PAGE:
Press Release – Public Health Association

A group of academics and non-government organisations has today released a policy brief highlighting the potential effects of the Trans Pacific Partnership Agreement (TPPA) on the health of Australians.– Protecting the Health of Australians in the Trans Pacific Partnership Agreement Negotiations

A group of academics and non-government organisations has today released a policy brief highlighting the potential effects of the Trans Pacific Partnership Agreement (TPPA) on the health of Australians.

The document is a preliminary output from a Health Impact Assessment of the controversial trade agreement, which is in the final stages of negotiation. Chief negotiators from the 12 countries are meeting this week in Singapore in an attempt to finalise the agreement, with a meeting of ministers to follow, starting on 22 February.

The brief examines the potential impact of provisions proposed for the TPPA on the health of Australians, focusing on two specific issues: the cost of medicines, and the ability of government to take major steps to improve the health of Australians by regulating tobacco and alcohol.

“The brief highlights the ways in which some of the expected economic gains from the TPPA may be undermined by poor health outcomes, and the economic costs associated with these poor health outcomes,” said Michael Moore, CEO of the Public Health Association.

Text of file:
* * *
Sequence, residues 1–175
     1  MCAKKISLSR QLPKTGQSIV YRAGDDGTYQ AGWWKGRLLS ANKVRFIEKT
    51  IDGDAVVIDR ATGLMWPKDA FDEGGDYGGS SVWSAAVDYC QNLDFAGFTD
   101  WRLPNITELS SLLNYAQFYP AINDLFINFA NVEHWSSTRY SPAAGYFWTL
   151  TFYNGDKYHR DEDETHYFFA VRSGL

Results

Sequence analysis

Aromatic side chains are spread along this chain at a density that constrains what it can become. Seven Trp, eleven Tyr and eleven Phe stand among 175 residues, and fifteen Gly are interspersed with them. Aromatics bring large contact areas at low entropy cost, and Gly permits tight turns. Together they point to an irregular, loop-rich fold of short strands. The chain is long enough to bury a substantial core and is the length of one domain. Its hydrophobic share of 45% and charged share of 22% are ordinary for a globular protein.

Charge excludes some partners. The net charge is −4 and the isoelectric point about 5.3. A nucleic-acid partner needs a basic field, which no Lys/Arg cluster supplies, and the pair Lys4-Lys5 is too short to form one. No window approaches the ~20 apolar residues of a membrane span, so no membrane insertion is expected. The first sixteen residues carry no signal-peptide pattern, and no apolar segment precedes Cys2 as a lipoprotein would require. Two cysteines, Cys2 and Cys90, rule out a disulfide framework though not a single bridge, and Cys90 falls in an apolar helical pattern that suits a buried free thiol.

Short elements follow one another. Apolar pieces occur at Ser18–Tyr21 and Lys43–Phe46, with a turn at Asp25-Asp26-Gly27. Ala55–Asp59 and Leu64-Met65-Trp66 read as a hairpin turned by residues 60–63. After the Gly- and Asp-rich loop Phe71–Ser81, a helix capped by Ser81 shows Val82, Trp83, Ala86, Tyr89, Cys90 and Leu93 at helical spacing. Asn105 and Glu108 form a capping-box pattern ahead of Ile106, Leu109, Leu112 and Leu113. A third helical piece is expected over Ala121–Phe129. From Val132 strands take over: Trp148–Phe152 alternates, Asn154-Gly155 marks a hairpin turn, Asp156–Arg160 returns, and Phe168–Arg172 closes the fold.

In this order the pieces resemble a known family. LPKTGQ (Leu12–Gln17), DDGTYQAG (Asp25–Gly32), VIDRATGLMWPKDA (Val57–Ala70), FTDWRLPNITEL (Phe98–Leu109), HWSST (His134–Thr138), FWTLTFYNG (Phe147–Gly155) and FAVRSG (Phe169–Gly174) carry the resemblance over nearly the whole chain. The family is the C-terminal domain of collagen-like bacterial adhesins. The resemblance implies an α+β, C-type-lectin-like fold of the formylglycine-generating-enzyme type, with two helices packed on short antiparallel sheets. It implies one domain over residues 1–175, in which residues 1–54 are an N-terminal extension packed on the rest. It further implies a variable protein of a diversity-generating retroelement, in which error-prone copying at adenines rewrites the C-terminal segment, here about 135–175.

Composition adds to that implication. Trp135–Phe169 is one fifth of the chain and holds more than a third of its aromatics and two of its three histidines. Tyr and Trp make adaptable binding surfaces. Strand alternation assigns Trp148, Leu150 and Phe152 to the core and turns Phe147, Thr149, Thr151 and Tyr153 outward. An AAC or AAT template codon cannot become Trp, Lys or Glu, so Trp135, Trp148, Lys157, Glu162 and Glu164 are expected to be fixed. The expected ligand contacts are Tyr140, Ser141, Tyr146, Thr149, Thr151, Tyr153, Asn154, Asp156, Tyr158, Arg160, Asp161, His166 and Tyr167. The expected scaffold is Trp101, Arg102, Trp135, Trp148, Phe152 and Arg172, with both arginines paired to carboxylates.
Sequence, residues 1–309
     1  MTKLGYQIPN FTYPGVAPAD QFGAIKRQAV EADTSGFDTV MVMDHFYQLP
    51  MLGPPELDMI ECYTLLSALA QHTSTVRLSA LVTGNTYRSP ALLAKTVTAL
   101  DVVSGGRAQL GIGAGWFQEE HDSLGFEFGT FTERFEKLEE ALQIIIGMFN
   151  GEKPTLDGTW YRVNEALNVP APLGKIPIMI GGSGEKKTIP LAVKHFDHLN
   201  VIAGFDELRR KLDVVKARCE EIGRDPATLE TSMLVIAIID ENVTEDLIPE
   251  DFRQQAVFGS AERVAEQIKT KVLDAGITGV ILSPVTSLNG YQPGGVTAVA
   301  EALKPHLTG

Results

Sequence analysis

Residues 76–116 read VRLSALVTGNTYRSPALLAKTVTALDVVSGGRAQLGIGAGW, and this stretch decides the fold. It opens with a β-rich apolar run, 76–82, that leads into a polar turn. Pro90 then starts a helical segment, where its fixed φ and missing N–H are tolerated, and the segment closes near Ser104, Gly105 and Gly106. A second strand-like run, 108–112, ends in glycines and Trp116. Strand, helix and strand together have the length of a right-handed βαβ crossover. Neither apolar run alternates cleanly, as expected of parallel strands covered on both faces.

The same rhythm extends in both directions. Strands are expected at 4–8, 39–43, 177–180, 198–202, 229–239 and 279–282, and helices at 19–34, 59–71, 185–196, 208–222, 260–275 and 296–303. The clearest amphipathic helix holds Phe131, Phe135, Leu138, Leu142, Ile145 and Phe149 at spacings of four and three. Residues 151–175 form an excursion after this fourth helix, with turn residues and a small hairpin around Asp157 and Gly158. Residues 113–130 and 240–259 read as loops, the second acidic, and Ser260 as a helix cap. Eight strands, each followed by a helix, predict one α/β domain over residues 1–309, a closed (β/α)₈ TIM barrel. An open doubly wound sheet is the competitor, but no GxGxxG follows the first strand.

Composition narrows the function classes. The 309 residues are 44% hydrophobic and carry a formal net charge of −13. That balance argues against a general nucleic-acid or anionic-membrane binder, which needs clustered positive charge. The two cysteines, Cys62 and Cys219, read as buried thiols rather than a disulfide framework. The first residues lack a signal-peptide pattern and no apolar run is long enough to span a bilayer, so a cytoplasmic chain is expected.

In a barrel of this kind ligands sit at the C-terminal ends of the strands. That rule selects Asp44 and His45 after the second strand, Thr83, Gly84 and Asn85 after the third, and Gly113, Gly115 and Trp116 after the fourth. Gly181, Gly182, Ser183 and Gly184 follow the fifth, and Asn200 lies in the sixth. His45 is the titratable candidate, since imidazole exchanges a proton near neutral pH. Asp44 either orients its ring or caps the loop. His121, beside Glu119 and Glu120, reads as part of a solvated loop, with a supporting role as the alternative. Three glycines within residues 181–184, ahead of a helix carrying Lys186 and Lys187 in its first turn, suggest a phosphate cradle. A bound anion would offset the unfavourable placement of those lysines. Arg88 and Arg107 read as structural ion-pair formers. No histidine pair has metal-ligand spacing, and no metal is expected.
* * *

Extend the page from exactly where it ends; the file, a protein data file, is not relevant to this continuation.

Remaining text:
Dr Deborah Gleeson, one of the authors of the brief, added: “Some of the provisions proposed for the TPPA would increase the cost of the PBS for the government and taxpayers. These costs could be passed on to patients through higher costs for prescriptions. The brief shows how increased medicine costs can lead to adverse outcomes such as poor health outcomes, financial burdens and higher rates of hospitalisation. Disadvantaged population groups and people with chronic illnesses bear the brunt of these poor health outcomes.”

“Many provisions in the TPPA could also affect the ability of the Australian Government to effectively tackle the harm caused by tobacco and alcohol” said Dr Gleeson. “For example, the investor-state dispute settlement mechanism, which the Government has said it is prepared to negotiate for the TPPA, could result in more legal challenges like the case already brought by Philip Morris Asia against Australia’s tobacco plain packaging laws.”

“The PHAA, together with many other NGOs, urges the Government to ensure that no provisions are adopted in the TPPA that would negatively impact the health of Australians” said Mr Moore.

ENDS

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